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Indifference Curve – Meaning, History, Uses & Analysis


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Indifference Curve – Meaning, History, Uses & Analysis


Its a curve, with respect to two commodities. It is a graph showing those combinations of the two commodities. That leaves the consumer equally well off or equally satisfied. Hence indifferent to having any combination on the curve.

These curves are heuristic devices that are used in contemporary microeconomics. To demonstrate the consumer preference and the limitations of a budget. Economists have adopted the principles of indifference curves. In the study of welfare economics.

The Understanding and Indifference Curve

Standard indifference curve analysis operates on a simple two-dimensional graph. Each fixed reference line represents one type of economic good. Along the curve or the line, the consumer has no preference for either combination of goods.

Because both goods provide the same level of utility to the consumer. For example, a young boy might be indifferent between his own two comic books and one toy truck. Four toy trucks and one comic book.


It operates under many guesses, for example, typically each such curve is having an outline to the origin. No two indifference curves ever intersect.

Consumers are always assumed to be more satisfied. When achieving bundles of goods on indifference curves that are far from the origin.

As income increases, an individual will typically shift their consumption level. Because they can afford more commodities. With the result that they will end up on an indifference curve. That is far from the origin and hence better off.

Many core principles of microeconomics appear in its analysis. Including individual choice, marginal utility theory, income, substitution effects, and the subjective theory of value.

Indifference curve analysis gives special importance to marginal rates of substitution that is MRS and opportunity costs. All other economic variables and possible complications are treated as stable. Ignored unless placed on the indifference graph.

Most of the economic textbooks are built upon these curves. Introduce the most favorable choice of goods for any consumer based on that consumer’s income.

Classic analysis suggests that the optimal consumption bundle. Takes place at the point where a consumer’s indifference curve is touching with their budget limitations.

The slope of this curve is known as the MRS. The MRS is the rate at which the consumer is willing to give up one good for another. If the consumer values apples. For example, the consumer will be slower to give them up for oranges. The slope will reflect this rate of substitution.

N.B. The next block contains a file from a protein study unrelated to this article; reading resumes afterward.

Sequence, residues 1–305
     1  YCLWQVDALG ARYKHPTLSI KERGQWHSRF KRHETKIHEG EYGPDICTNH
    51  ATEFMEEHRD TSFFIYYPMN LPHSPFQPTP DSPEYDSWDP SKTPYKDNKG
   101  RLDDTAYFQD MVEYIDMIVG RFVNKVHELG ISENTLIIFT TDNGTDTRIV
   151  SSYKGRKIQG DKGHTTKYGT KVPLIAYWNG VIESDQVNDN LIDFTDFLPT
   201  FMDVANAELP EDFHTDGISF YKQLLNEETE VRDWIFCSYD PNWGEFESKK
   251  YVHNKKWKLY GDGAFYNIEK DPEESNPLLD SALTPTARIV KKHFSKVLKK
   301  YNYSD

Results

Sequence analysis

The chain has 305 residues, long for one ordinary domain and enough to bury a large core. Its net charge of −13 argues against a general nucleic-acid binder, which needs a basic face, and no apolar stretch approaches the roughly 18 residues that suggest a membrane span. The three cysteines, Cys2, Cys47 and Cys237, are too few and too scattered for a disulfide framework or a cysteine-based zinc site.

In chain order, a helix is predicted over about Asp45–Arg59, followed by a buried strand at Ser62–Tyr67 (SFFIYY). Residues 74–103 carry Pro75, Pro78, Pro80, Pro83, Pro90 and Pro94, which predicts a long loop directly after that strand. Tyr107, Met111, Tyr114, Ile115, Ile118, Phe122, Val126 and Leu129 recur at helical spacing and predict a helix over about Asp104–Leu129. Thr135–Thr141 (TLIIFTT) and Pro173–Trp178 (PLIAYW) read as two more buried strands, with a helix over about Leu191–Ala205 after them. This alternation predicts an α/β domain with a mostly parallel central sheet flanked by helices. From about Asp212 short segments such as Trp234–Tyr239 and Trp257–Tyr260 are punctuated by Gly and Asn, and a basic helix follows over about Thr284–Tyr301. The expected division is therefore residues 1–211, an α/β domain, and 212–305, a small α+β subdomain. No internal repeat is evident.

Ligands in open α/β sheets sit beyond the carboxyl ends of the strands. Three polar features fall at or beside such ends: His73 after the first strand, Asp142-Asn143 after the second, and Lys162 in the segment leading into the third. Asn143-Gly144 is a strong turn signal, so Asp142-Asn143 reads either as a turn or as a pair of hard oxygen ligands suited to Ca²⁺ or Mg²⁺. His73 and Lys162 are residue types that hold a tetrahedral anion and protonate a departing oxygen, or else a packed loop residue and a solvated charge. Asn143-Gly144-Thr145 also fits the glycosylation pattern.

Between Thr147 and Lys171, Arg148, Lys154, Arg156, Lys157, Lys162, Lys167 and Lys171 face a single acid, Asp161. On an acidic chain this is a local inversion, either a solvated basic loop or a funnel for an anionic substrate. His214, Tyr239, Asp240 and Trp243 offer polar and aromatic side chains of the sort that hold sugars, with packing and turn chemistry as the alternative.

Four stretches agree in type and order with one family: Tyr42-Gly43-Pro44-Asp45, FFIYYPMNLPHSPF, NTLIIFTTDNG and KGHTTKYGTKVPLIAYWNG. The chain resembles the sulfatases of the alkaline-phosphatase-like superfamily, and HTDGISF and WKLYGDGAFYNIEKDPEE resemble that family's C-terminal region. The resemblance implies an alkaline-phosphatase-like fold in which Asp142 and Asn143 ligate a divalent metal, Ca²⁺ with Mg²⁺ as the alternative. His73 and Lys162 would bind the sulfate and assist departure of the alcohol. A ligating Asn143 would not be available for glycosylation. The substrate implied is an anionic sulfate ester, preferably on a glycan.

Criticisms and Complications of the Indifference Curve

Indifference curves, like many aspects of contemporary economics, have been criticized for oversimplifying or making unrealistic assumptions about human behavior. One noteworthy criticism is that indifference is conceptually incompatible with economic activity. Every action necessarily gives a practical exhibition preference, but not indifference. Otherwise, no action would take place.

Other critics note that it is theoretically possible to have concave indifference curves. Even the circular curves are either convex or concave to the origin at various points. Consumer preferences might also change between two different points. In a time of rendering the specific indifference curves that are practically useless.


The theory of Indifference Curves was developed by Francis Ysidro Edgeworth. He was explained in his 1881 book. The mathematics needed for their drawing. Later on, Vilfredo Pareto was the first author to actually draw these curves. In his 1906 book.

The theory can be taken from William Stanley Jevons’ ordinal utility theory. Which put forward that individuals can always rank any consumption bundles by the order of preference.

The use of the Indifference Curve on the subject Biology

It is used in the subject of biology. The indifference curve is a model for how animals ‘decide’ whether to perform a particular behavior. It is based on changes in two variables that can increase in intensity. One along the x-axis and the other along the y-axis.

For example, the x-axis may measure the quantity of food is available. But the y-axis measures the risk involved in obtaining it. The indifference curve is drawn to estimate the animal’s behavior at various levels of risk and food availability.

So, this is the important information on the topic of the Indifference Curve. Here I have mentioned the meaning of the Indifference Curve, its understanding, Analysis, criticism, complications, and History of the Indifference Curve and also in the subject of Biology.

This is a frequently used analysis in the graph with the proper measurements. I think this is very important in business and financial as well as in the subject of higher studies.

If any Queries or Questions is persisting then, please comment on the viewpoints.

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